"Fans of European soccer star David Beckham show their appreciation by filling the Internet with 'Becks is God' posts," writes Matt Ehlers.
Some replica jerseys have replaced the name "Beckham" on the back with "God." St. Louis Cardinals phenom Albert Pujols has been praised with an "Albert is God" sign at the ballpark. A check of recent news stories finds similar references to Tour de France champion Lance Armstrong, with "Lance is God" signs held aloft along the race route; a connoisseur who described a particular Belgian beer as "God in a bottle"; and an article from South Africa in which Nelson Mandela is referred to by a supporter as "the second Jesus."
Russell Bush, academic vice president at Southeastern Baptist Theological Seminary, disapproves. "It's not something to play around with," he tells the paper. "The Bible says we shouldn't take God's name in vain. People should be cautious about using the name of God for something that's purely secular."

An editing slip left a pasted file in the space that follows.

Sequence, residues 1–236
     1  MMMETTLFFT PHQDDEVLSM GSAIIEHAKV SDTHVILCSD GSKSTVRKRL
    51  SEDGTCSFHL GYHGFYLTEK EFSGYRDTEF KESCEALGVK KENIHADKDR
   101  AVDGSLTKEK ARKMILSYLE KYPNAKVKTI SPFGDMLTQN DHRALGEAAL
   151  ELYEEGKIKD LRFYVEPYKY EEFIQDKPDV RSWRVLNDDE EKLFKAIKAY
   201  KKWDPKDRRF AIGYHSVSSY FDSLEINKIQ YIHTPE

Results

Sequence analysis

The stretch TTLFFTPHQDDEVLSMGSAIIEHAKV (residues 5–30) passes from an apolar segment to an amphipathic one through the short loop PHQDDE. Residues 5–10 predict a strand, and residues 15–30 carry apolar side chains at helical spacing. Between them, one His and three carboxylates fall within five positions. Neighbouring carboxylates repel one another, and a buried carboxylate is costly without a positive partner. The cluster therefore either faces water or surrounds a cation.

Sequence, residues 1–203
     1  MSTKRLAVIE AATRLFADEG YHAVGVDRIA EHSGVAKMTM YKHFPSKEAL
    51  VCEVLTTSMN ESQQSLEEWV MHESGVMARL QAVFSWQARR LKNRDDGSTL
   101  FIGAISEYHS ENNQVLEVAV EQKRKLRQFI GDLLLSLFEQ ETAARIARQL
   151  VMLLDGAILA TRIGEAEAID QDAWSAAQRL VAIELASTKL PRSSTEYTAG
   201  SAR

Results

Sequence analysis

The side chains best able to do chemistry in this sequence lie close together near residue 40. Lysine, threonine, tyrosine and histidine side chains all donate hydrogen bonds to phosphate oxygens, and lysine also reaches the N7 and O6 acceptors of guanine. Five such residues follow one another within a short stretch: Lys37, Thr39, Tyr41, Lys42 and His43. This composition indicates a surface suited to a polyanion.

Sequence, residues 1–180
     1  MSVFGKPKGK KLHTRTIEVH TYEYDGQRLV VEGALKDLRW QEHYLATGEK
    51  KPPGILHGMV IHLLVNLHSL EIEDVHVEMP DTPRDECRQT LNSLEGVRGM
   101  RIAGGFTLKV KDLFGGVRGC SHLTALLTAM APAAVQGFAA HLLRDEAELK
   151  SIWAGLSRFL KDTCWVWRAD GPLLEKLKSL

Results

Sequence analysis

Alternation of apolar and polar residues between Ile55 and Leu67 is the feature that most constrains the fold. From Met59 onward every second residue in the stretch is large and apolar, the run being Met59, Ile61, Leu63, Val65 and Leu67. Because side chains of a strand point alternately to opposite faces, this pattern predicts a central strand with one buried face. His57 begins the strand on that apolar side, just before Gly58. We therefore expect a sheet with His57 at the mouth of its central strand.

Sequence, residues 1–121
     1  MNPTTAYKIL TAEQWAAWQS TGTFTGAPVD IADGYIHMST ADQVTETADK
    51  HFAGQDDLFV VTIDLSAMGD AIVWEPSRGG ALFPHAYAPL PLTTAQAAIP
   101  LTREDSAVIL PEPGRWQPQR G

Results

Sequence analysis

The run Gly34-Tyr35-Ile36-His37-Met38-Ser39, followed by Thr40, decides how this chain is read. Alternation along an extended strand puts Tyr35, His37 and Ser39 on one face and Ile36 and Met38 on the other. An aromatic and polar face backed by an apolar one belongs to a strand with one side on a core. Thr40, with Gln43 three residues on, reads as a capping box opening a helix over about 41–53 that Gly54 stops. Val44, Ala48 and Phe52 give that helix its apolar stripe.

Kristine L. Fitch, an associate professor of Communication Studies at the University of Iowa, suggests that the trend is, in Ehlers's words, "a form of subtle resistance to the increasing fundamentalism" in American culture.
Or, of course, it may be a sign that the Judeo-Christian ethic that says you don't go around blaspheming at the drop of a hat is diminishing in American culture.
Fight over Roy Moore's Ten Commandment monument:
- Judge Roy Moore's lawless battle | The Alabama chief justice can spare the nation a divisive constitutional showdown by announcing that he will stop ignoring the separation of church and state (Editorial, The New York Times)
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